Chad and I were out for a walk when we first learned that school was closing for a few weeks. I can still feel the sick wave that came over me as I thought about having Ian at home ALL DAY! You know that feeling, right?  A mix of the unknown, paired with a little ‘that makes sense,’ while still thinking ‘how the hell are we going to do this?’

And it has proven to be a huge challenge where we have needed to change many things in how we relate to Ian and our expectations. I have to be honest, even though I love spending time with Ian, fourteen hours a day is beyond exhausting. Then there is the ongoing guilt that I am not doing enough schooling, or playing enough games, or just meeting his needs in general.  After all, his whole world has been taken away, and he truly doesn’t understand. The problem is, my whole world, as I knew it, is gone too.

The first few weeks were a blur as we stumbled through just trying to create a plan that worked for Ian. I knew for sure he needed an hourly schedule, and quite honestly, so did I for my sanity.  I quickly searched for my big 3M wipe off poster that I could stick up in the kitchen. Yep, complete with this lovely new decor, we started planning what our days would look like.

After the first week or two, the schedule began to take form. Not surprisingly, it did not end up including our original ideal schedule or the same amount of time on each subject as his regular classes had entailed. As much as I would love for him to do more schooling with me, it is not worth the battle.  He refuses to work much with any of us–not me, my husband or his sister Grace, because he does not view us as ‘his teachers.’  I cannot blame him one bit.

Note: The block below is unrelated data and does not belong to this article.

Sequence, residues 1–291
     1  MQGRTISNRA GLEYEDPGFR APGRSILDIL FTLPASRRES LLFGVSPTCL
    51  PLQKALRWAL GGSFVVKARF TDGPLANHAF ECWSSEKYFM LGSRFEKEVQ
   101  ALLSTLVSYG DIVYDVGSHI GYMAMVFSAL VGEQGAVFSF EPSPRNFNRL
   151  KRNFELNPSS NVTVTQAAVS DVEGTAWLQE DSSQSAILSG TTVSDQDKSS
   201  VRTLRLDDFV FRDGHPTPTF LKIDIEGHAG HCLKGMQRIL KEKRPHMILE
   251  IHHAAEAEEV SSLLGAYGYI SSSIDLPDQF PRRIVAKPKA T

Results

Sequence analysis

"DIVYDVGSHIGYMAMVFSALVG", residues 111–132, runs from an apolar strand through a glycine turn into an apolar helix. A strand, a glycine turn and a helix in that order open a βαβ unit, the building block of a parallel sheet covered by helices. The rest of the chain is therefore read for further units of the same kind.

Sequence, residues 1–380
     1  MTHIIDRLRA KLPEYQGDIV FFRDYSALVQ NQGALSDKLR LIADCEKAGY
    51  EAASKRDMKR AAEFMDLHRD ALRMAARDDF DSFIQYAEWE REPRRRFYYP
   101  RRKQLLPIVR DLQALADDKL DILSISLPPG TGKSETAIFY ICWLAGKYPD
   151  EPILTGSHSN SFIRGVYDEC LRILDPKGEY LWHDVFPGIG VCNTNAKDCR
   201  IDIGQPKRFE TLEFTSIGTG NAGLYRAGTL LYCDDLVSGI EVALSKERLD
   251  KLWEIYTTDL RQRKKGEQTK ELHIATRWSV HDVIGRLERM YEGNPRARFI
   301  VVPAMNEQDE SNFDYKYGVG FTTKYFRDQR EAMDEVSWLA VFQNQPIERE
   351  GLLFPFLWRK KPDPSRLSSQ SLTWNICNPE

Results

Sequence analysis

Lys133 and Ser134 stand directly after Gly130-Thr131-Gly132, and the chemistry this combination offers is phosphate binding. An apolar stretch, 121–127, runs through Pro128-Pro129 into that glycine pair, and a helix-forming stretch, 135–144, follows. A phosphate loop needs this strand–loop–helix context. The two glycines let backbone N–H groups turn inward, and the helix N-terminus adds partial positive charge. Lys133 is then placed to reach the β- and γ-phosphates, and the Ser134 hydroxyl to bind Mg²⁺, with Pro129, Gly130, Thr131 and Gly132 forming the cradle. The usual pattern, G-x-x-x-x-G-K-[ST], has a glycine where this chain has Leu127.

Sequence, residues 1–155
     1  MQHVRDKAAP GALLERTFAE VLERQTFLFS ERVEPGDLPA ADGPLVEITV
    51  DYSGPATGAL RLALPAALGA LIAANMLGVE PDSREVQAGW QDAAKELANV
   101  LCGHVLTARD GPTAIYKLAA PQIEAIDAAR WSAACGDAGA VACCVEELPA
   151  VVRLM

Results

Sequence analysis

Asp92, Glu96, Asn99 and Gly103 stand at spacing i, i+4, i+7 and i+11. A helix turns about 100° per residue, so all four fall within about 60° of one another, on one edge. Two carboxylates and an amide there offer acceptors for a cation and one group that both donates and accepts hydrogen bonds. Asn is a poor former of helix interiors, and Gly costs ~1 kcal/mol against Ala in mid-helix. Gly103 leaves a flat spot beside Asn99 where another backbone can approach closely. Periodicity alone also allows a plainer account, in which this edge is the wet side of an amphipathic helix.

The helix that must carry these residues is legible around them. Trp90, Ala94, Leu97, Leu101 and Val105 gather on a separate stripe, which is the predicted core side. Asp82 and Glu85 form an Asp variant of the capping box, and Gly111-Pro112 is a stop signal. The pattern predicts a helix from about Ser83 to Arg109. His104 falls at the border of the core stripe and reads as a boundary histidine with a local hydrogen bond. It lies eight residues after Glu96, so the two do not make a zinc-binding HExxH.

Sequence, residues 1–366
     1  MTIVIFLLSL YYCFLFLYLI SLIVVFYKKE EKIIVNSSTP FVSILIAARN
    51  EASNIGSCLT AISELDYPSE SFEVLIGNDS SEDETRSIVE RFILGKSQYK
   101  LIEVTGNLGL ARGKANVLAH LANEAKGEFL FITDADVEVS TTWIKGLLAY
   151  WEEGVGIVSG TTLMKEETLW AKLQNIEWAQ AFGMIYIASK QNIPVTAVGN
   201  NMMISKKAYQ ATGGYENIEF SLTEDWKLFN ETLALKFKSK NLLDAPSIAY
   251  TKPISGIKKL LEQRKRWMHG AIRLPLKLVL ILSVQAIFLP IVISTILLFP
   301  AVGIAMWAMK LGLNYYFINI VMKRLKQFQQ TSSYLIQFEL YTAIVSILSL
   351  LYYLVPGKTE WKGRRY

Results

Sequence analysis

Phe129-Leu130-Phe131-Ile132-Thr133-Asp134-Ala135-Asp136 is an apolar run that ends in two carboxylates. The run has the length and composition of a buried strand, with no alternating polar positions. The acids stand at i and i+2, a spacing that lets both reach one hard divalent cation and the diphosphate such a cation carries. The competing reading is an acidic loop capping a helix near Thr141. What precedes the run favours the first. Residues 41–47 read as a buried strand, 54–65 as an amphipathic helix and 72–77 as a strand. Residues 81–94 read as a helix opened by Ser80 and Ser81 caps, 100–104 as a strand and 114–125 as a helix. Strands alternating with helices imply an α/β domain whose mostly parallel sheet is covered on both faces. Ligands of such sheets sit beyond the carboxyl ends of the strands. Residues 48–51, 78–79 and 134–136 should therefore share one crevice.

I suppose I could forge ahead with mighty determination and set up yet another elaborate reward chart if he sits down with me to do his multiplication, but quite honestly I am tired.  Maybe I am copping out, but I figure there is a lot of learning just being at home, and that may be as valuable as anything learned from a book, right?  Sanity Saving vs. Battle of Wills?

Eventually, it became clear that maybe with a little planning [and wine], we could get through this together. With all of us at home now, each of us helps with Ian on and off throughout the day, taking turns playing games, preparing his lunches, and supervising him every minute.

Yes, though he is fourteen, his extra chromosome often causes many aspects of his brain to be more like that of a four year old.  Leaving him alone often results in rough play with cats [which they very much dislike], cutting a hole in his bedroom window screen out of anger, or Facetiming a family member again and again.

As the few weeks turned into a month, it then turned into the kids not going back to school at all. My emotions are now running high.  Ian has lost the end of his 7th grade year, which was going so amazing, and Grace’s senior year has abruptly halted with no warning. It has started to feel to me like the world is coming to an end. My world at least.